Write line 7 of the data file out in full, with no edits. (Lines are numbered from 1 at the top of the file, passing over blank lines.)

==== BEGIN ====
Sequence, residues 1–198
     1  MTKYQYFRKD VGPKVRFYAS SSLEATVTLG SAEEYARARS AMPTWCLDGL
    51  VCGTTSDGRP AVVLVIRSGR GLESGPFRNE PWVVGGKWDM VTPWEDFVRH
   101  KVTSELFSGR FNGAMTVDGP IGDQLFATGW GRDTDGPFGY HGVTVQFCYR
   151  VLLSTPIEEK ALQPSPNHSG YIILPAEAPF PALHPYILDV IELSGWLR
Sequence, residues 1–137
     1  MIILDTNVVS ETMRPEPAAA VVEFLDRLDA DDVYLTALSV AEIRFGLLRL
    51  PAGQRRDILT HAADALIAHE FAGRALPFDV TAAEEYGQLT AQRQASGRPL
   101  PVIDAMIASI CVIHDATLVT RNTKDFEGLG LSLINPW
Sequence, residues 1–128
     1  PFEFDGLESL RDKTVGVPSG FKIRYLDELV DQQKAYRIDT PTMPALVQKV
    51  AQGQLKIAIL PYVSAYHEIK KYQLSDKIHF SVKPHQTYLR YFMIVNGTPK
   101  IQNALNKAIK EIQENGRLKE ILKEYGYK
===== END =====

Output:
     1  MIILDTNVVS ETMRPEPAAA VVEFLDRLDA DDVYLTALSV AEIRFGLLRL